Randazzo is also managing director of the Pension Integrity Project, which provides technical assistance to public sector retirement system stakeholders who are seeking to prevent pension plan insolvency. His research focus on the national public sector pension crisis has a dual focus of identifying the systemic factors that cause public officials to underfund pension obligations as well as studying the processes by which meaningful pension reform can be accomplished. Within the Project he leads the analytics team that develops independent, third party actuarial analysis to stakeholders considering changes to public sector retirement systems.

In addition, Randazzo writes about the moral foundations of economic theory, and is currently developing research on the ways that the moral intuitions of economists influence their substantive findings on topics like income inequality, immigration, or labor policy.

Randazzo's work has been featured in The Wall Street Journal, Forbes, Barron's, Bloomberg View, The Washington Times, The Detroit News, Chicago Sun-Times, Orange-County Register, RealClearMarkets, Reason magazine and various other online and print publications.

During his tenure at Reason he has published substantive research on housing finance, financial services regulation, and various other aspects of economic policy at the federal level. And he has written regularly on labor economics, tax policy, privatization, and Turkish-U.S. political and economic issues.

Randazzo has also testified before numerous state and local legislative bodies on pension policy matters, as well as before the House Financial Services Committee on topics related to housing policy and government-sponsored enterprises.

He holds a multidisciplinary M.A. in behavioral political economy from New York University.

Follow Anthony Randazzo on Twitter @anthonyrandazzo

Daniel Takash is a policy analyst for Reason Foundation's Pension Reform Project.

Takash graduated from Johns Hopkins University with a BS in Applied Mathematics and Statistics and Political Science.

He previously worked at the Cato Institute, focused on issues related to budget, tax, and regulatory policy. He also worked at the Marijuana Policy Project, researching state medical marijuana policies and the effects of marijuana legalization in Colorado and Washington.

Leonard Gilroy is Senior Managing Director of the Pension Integrity Project at Reason Foundation, a nonprofit think tank advancing free minds and free markets. The Pension Integrity Project assists policymakers and other stakeholders in designing, analyzing and implementing public sector pension reforms.

The project aims to promote solvent, sustainable retirement systems that provide retirement security for government workers while reducing taxpayer and pension system exposure to financial risk and reducing long-term costs for employers/taxpayers and employees. The project team provides education, reform policy options, and actuarial analysis for policymakers and stakeholders to help them design reform proposals that are practical and viable.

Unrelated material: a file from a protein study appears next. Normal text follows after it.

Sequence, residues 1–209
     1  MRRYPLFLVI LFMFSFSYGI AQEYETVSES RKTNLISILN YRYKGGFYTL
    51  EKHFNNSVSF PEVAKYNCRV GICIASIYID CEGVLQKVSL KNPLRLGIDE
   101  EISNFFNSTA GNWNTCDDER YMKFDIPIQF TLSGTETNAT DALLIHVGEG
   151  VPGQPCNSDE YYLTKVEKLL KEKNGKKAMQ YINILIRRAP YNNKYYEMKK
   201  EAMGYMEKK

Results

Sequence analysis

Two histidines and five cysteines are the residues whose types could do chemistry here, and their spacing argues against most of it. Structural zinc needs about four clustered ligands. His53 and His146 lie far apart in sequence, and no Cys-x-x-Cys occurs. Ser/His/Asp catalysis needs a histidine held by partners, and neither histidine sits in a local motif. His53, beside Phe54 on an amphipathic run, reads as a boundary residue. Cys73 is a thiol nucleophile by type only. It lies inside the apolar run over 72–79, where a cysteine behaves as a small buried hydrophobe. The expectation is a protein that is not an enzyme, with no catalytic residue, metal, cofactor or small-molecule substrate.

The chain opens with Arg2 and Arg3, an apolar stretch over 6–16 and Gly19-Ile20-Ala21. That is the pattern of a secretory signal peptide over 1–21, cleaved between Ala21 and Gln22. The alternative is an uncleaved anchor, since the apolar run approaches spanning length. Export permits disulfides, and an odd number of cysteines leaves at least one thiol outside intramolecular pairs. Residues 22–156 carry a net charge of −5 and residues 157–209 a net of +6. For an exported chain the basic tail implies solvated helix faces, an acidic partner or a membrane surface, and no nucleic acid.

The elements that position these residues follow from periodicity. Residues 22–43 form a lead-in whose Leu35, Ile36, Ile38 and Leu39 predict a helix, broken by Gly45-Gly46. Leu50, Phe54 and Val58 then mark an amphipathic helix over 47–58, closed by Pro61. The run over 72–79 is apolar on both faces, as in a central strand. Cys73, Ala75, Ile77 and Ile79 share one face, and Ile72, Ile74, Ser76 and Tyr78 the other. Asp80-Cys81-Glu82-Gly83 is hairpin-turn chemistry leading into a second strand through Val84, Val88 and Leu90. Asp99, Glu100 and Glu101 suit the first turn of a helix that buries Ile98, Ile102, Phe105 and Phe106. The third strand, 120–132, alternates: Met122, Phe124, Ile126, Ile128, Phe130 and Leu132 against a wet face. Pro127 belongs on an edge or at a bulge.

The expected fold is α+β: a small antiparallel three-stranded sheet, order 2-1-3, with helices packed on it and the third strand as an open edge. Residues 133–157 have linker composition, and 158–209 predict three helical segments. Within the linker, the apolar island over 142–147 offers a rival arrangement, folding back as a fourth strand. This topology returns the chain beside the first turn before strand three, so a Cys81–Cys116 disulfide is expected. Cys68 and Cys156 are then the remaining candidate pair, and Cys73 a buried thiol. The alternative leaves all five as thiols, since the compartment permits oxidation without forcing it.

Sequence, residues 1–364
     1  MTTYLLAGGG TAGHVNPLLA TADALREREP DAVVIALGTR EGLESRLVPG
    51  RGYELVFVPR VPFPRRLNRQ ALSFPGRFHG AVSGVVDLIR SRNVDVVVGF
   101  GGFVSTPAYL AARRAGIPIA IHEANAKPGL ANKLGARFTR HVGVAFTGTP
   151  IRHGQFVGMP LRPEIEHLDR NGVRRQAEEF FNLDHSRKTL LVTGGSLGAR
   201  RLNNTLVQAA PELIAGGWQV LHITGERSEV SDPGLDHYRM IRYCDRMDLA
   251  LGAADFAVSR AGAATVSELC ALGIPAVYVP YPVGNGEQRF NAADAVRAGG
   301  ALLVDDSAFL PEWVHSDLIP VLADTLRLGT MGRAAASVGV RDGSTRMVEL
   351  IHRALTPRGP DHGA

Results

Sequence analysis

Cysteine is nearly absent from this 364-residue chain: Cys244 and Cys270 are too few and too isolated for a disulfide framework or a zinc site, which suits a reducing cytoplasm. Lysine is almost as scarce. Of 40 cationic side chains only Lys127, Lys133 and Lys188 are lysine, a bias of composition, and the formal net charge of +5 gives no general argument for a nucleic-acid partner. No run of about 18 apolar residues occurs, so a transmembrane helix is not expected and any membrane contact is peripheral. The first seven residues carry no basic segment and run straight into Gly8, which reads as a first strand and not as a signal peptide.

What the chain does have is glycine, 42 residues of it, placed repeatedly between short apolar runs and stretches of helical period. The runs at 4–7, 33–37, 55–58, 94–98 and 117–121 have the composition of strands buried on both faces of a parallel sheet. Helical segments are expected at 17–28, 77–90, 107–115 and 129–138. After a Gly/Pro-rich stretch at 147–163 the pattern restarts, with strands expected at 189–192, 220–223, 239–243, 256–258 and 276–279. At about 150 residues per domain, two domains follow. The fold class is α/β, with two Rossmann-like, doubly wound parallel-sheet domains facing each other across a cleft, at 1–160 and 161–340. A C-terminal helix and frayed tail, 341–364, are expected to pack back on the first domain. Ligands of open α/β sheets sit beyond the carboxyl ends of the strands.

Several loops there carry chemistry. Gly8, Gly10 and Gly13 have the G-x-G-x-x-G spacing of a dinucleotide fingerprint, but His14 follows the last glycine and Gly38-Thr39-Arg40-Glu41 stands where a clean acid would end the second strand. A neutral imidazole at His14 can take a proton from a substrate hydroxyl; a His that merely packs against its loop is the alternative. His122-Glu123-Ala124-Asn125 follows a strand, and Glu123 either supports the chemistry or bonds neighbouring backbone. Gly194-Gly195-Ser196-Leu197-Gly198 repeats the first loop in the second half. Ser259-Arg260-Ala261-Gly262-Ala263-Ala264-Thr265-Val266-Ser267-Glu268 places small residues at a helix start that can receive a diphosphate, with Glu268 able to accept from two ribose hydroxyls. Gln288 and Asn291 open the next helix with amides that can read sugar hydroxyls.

In 2016 and 2017, Reason's Pension Integrity Project helped design, negotiate and draft pension reforms for the state of Arizona's Public Safety Personnel Retirement System and Corrections Officer Retirement Plan, which both passed with overwhelming bipartisan support in the state legislature and were signed into law by Gov. Doug Ducey.

Gilroy is also the Director of Government Reform at Reason Foundation, researching privatization, public-private partnerships, infrastructure and urban policy issues.

Gilroy has a diversified background in policy research and implementation, with particular emphases on competition, government efficiency, transparency, accountability, and government performance. Gilroy has worked closely with legislators and elected officials in Texas, Arizona, Louisiana, New Jersey, Utah, Virginia, California and several other states and local governments in efforts to design and implement market-based policy approaches, improve government performance, enhance accountability in government programs, and reduce government spending.

In 2010 and 2011, Gilroy served as a gubernatorial appointee to the Arizona Commission on Privatization and Efficiency, and in 2010 he served as an advisor to the New Jersey Privatization Task Force, created by Gov. Chris Christie.

Gilroy is the editor of the widely-read Annual Privatization Report, which examines trends and chronicles the experiences of local, state, and federal governments in bringing competition to public services. Gilroy also edits Reason's Innovators in Action interview series, which profiles public sector innovators in their own words, including former U.S. Transportation Secretary Mary Peters, former Florida Gov. Jeb Bush, former Indiana Gov. Mitch Daniels, former New York City Mayor Rudy Guiliani and more.

Gilroy's articles have been featured in such leading publications as The Wall Street Journal, Los Angeles Times, New York Post, The Weekly Standard, Washington Times, Houston Chronicle, Atlanta Journal-Constitution, Arizona Republic, San Francisco Examiner, San Diego Union-Tribune, Philadelphia Inquirer, Sacramento Bee and The Salt Lake Tribune. He has also appeared on CNN, Fox News Channel, Fox Business, CNBC, National Public Radio and other media outlets.

Prior to joining Reason, Gilroy was a senior planner at a Louisiana-based urban planning consulting firm. He also worked as a research assistant at the Virginia Center for Coal and Energy Research at Virginia Tech. Gilroy earned a B.A. and M.A. in Urban and Regional Planning from Virginia Tech.